You've probably noticed my recent love affair of cooking with my cast iron skillet. (Skillet cookie recipe here, skillet cinnamon roll recipe here.) I love cooking/baking in my cast iron. And for those who don't know, Dutch ovens (at least the colorful ones up there) are the flashy version of the ol' cast iron skillets of yesteryear (like mine pictured below). The newer ones have an enamel coating on them, making them easier to use and clean up.
Okay, it's been a while so the history teacher in me is gonna give ya a lesson. So carry on if this is your thing, if not, I get it...not everyone loves history...or their history teacher:/ But here are some things I learned while researching cast iron.
What is cast iron?
Without getting into all the scientific properties of the stuff (I was a history teacher, not science, people), it's, according to dictionary.com, basically an alloy of iron, carbon, and other elements, cast as a soft and strong, or as a hard and brittle, iron depending on the mixture and methods of molding.
Why use cast iron for cooking?
In recent years, the use of chemically-treated non-stick cookware has been in question. I'm not going to get into all that, but I do think the less chemicals we use (especially in what we eat), the better off we are. Cast iron has been around for hundreds of years. It's the kind of cookware our forefathers have used around an open fire (think cowboys and baked beans), as well as in refined kitchens (think French cooking). From what I've learned, cast iron is a poor conductor of heat, but once heated, it retains that heat for a long period of time, making it a good choice for braising meats, making soups, etc (old fashioned crock pot, if you will). Plus it's good to use if you're anemic--gets more iron in your diet.
How do you season cast iron?
I was just asked this question from a blog reader and I'm not going to pretend to be an expert here. I told her what I did to mine but I only have one cast iron skillet that I bought at Home Goods a little while ago, so I'm not super experienced cooking with the stuff. But in my spare time, I'm a Pampered Chef consultant so I know about seasoning from selling/using stoneware. Seasoning is basically when fat is built up on the surface of cookware. Over time, this build-up naturally creates a nonstick surface. Here's what I read about seasoning your cast iron skillet (from here):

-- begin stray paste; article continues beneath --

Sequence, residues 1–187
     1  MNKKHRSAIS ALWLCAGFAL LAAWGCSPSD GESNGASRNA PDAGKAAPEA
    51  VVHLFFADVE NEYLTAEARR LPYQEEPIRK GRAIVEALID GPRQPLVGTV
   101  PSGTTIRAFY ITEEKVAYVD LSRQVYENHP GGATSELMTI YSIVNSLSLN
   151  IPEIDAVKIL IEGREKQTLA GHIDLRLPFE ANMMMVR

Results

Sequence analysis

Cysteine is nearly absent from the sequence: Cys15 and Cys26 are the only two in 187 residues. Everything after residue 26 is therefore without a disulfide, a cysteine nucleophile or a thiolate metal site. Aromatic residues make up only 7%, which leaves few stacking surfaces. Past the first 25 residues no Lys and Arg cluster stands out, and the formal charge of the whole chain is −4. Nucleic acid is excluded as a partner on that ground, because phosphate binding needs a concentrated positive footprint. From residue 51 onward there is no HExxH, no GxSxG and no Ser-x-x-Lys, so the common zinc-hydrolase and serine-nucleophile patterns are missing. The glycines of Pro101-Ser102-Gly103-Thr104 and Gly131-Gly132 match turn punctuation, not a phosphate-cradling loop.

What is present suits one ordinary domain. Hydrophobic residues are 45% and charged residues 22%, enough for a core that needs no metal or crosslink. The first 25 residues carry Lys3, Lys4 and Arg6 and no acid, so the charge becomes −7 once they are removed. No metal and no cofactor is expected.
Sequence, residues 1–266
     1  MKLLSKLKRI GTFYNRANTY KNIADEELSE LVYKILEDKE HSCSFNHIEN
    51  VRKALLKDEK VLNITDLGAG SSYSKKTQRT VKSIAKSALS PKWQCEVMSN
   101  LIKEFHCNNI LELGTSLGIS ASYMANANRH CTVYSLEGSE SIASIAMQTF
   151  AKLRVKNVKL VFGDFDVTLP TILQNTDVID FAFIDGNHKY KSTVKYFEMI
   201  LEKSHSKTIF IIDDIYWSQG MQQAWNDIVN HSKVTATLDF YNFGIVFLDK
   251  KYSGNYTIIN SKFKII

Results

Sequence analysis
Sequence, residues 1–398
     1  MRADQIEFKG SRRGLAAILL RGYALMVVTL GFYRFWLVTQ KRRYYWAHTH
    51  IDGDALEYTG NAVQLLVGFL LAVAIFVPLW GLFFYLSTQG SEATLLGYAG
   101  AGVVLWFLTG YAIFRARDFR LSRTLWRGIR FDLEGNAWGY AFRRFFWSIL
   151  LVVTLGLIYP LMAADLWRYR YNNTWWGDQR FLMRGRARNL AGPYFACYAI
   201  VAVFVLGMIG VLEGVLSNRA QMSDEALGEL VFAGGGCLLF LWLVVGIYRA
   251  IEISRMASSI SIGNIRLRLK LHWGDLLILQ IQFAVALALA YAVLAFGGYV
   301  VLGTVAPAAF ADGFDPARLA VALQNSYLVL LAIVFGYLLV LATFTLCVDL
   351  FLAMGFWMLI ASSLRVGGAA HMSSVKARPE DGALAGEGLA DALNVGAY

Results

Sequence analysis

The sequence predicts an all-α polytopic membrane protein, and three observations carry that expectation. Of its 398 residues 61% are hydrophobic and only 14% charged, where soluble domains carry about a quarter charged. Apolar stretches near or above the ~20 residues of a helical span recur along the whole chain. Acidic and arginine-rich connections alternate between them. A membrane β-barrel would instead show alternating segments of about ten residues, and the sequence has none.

- Put on a thin coat of oil/grease all over the cast iron skillet. Inside and outside.
- Put foil under the skillet to catch any dripping oil.
- Turn your fan on, because this is gonna smoke!
- Bake at 400 degrees for 15 minutes.
- Wipe out as much grease as you can with a paper towel.
- Bake for another 45 minutes, then turn the oven off, leaving the door closed.
- After an hour or more, remove from oven.
I'm hoping to learn more about cooking with cast iron by asking people who use it a lot. It definitely can be tricky to use. But once learned, I've heard it's the best cookware out there! (Someday mine will be seasoned enough so I can painlessly fry an egg in that puppy.)
Okay, now back to the Dutch oven. Just to clarify how a Dutch oven is related to cast iron: a Dutchy IS cast iron. Some (like the ones pictured in this post and the kind I want) are coated with enamel. I'd love to make soups, braise meat, even bake desserts in a Dutch oven. One of my favorite cooks, Ina Garten, uses a Dutch oven in many of her recipes. And while I've learned that having good cookware/kitchen utensils is an investment, adding a Dutch oven to my kitchen is out of the budget for now. But you can be sure one day I will have a Dutch oven!
How about you? Do you own a Dutch oven? What's your favorite thing to make in it? Or are you like me and are drooling over one? What's the first thing you'd make? Me--I'd make a big ol' pot of beef stew and have some of my crusty bread to dip in:)